Five Hospitality Designers on Pantone’s Color of the Year and 2019 Trends

Pantone Color of the Year

Pantone recently announced the Pantone Color of the Year 2019: PANTONE 16-1546 Living Coral. According to the company, the shade of orange with golden undertone signified how humans draw energy from nature—just as coral reefs are a source of sustenance and shelter to sea life, Living Coral is a color of warmth and nourishment to provide comfort in an ever-changing, ever-shifting world, the company adds. Five hospitality designers—Lela Richardson, senior project designer, Wilson Associates’ Dallas studio; Lesley Hughes Wyman, principal, MatchLine Design Group; David Shove-Brown, partner, //3877; David Tracz, partner, //3877; and Justin Colombik, studio director, Puccini Group—weigh in on this color choice, and what it means for 2019 hotel design trends.

What do you think of Pantone’s Color of the Year?

Lela Richardson: “I love Pantone 16-1546 Living Coral! It’s vibrant and fun; and best of all, works beautifully with different shades. It’s a color that not only contrasts perfectly with neutral tones and dark shades but excels in brightening the mood of any interior space. This trending color has already made a strong impact in the fashion world and is now making its way into stylish interior designs.”

Lesley Hughes Wyman: “It’s energizing and refreshing! We had started adding pops of coral and chili pepper recently in our schemes as an accent. It adds a natural brightness. Because the color has a hint of a warm orange tone, it’s made more palatable and mixes well with many colors. It’s less specific as just a pink alone.”


David Shove-Brown: “It’s a safe option. In a time when our world is filled with anger and conflict, the color is cool and calming. It doesn’t promote controversy, debate, or discourse; it is truly safe.”

Justin Colombik: “I love coral! I grew up in 1980s and to me it’s a very late 80s color that is so flexible—especially with more of the warmer finishes I like incorporating into the spaces I design.”

What potential do you see for hotel designers to incorporate Living Coral into their approach?

Lela Richardson: “Living Coral has enormous potential as an accent color for FF&E applications. My advice for other designers is to balance Living Coral with natural color palettes, especially greens and blues, in thoughtful ways for hospitality spaces. For guestrooms, in particular, I recommend using Living Coral discreetly as an accent so the vibrancy does not overpower the other shades in the space.”

Lesley Hughes Wyman: “It’s a great accent color that actually does work well with quite a few palettes. It could provide a nice contrast with emerald and kelly greens, and, of course, with sky blues and turquoise shades. The color is an obvious selection to incorporate well into coastal properties. Coral can take on a more sophisticated tone when mixed with a neutral palette of creamy colors, warm grays, navy, and warm cognac tones. Subtle integration is best unless it’s a location-specific property. It’s easier to rotate trends in and out through accent colors.”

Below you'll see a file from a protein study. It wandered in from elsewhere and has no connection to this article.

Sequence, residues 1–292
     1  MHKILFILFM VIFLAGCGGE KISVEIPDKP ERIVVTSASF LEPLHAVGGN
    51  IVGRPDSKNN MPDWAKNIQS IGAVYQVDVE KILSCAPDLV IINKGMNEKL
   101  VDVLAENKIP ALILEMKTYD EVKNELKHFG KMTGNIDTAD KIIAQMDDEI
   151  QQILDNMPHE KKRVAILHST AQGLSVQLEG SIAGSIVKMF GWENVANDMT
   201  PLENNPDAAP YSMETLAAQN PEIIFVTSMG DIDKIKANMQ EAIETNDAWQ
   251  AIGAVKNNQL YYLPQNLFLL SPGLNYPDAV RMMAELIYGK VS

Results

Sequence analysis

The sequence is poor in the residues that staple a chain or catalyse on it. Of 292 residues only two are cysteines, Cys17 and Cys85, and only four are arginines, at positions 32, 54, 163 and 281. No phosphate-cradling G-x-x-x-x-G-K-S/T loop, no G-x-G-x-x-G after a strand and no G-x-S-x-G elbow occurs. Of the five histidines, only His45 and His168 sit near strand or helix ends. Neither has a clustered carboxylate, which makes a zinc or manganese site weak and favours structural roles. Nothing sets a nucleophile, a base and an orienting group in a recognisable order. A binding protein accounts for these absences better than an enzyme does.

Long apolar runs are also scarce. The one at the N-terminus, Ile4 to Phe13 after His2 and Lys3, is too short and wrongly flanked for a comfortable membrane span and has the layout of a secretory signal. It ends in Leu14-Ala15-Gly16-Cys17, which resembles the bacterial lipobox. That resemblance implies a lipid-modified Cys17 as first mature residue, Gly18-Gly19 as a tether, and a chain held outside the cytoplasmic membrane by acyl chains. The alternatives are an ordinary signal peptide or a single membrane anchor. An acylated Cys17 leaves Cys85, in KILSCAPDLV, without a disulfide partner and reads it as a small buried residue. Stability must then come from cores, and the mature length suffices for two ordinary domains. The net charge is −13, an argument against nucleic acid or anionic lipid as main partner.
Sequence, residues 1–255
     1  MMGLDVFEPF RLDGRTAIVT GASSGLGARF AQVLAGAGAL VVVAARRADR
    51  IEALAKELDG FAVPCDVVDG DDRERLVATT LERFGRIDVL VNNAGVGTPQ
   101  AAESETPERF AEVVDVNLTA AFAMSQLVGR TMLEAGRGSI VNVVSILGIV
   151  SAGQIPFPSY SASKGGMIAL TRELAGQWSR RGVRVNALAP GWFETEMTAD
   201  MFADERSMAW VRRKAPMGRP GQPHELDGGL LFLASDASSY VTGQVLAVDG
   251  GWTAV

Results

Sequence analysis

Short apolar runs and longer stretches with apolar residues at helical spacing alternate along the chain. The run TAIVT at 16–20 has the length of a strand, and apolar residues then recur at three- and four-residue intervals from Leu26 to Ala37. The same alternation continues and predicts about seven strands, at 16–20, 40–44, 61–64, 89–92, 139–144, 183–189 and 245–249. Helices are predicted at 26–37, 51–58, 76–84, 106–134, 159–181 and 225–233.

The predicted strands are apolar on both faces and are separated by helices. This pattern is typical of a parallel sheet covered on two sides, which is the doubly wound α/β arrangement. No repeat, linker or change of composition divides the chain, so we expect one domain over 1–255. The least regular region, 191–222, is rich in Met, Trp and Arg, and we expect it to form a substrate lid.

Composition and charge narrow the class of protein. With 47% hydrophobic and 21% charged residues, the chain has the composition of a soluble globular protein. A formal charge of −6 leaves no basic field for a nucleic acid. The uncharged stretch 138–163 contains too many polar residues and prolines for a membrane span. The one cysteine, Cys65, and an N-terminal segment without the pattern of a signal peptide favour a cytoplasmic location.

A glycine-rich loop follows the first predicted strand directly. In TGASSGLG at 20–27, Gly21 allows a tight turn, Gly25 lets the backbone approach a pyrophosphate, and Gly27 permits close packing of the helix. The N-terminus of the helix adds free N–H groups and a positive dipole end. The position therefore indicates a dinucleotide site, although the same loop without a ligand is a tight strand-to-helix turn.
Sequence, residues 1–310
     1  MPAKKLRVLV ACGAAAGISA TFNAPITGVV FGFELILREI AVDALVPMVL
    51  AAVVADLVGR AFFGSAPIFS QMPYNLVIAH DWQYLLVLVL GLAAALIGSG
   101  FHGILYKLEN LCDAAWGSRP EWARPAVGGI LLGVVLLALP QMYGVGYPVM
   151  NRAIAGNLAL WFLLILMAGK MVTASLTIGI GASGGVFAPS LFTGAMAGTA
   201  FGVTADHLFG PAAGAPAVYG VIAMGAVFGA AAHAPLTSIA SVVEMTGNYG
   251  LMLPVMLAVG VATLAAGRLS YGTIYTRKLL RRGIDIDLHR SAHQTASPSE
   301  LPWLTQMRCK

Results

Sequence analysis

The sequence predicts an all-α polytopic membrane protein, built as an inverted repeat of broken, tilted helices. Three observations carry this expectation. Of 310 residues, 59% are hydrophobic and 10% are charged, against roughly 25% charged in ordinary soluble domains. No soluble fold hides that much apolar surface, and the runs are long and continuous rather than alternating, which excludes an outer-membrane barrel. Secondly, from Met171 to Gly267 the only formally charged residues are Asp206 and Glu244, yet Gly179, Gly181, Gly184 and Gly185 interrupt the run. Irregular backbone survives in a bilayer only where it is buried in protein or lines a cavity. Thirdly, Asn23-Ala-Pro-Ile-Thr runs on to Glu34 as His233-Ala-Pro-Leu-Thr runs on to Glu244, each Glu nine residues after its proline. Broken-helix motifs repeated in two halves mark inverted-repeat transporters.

David Shove-Brown: “I see Living Coral as a background color; it isn’t strong enough to lead the design so it will become a secondary or tertiary color.”

Justin Colombik: “It defies being hidden, and demands to be the focal point. When surrounded by warmer neutrals, it’d make a spectacular furniture piece or central art piece.”

What’s the biggest trend you expect to see in hotel design in 2019?

Lela Richardson: “The desire for a connection to nature will continue throughout 2019, and Living Coral is further proof that this trend is here to stay. Colors, materials, patterns, and textures that capture elements of nature will continue to liven hospitality spaces and create an organic sense of place.”

Lesley Hughes Wyman: “With color, we are still seeing the growing trend toward brighter and bolder colors that are derived from nature, making these colors much more relatable when you understand the ‘roots’ of the design. Incorporating even more types/elements of natural-based materials throughout the space. Natural materials inherently add warmth to a space. Guests seem to crave the mixed moods of wellness, comfort, and feeling energized.”

David Tracz: “Neon signs have had their time in the spotlight. Taking an exit stage left, these whimsical, albeit cheesy, signs have been overdone and overplayed. Adding a pop of color to accentuate a larger design scheme at work will still be popular, but achieved through other means, such as muted metallic detailing and tactile elements.”

Justin Colombik: “Travelers are more attuned to hotels that feel anonymous and corporate; hospitality is moving toward spaces that are connected with their contexts in a meaningful way, that give travelers an authentic connection to their destinations.”

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